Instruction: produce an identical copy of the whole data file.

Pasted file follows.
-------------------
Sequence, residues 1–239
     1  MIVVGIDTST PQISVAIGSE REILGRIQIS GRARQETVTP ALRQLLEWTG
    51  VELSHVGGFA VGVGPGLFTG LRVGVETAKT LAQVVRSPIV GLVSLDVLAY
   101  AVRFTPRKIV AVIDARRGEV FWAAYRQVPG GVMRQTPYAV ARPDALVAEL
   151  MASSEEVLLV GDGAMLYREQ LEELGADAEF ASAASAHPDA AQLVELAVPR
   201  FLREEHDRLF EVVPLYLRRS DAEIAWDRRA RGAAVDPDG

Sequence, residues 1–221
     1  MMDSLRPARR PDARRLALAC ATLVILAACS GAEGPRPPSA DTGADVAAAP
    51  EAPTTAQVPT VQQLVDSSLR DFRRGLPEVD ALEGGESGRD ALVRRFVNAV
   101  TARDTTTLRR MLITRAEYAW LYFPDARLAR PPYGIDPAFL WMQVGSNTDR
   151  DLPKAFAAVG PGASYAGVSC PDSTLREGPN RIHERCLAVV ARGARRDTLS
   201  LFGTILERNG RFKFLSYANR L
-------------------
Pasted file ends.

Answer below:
Sequence, residues 1–239
     1  MIVVGIDTST PQISVAIGSE REILGRIQIS GRARQETVTP ALRQLLEWTG
    51  VELSHVGGFA VGVGPGLFTG LRVGVETAKT LAQVVRSPIV GLVSLDVLAY
   101  AVRFTPRKIV AVIDARRGEV FWAAYRQVPG GVMRQTPYAV ARPDALVAEL
   151  MASSEEVLLV GDGAMLYREQ LEELGADAEF ASAASAHPDA AQLVELAVPR
   201  FLREEHDRLF EVVPLYLRRS DAEIAWDRRA RGAAVDPDG

Sequence, residues 1–221
     1  MMDSLRPARR PDARRLALAC ATLVILAACS GAEGPRPPSA DTGADVAAAP
    51  EAPTTAQVPT VQQLVDSSLR DFRRGLPEVD ALEGGESGRD ALVRRFVNAV
   101  TARDTTTLRR MLITRAEYAW LYFPDARLAR PPYGIDPAFL WMQVGSNTDR
   151  DLPKAFAAVG PGASYAGVSC PDSTLREGPN RIHERCLAVV ARGARRDTLS
   201  LFGTILERNG RFKFLSYANR L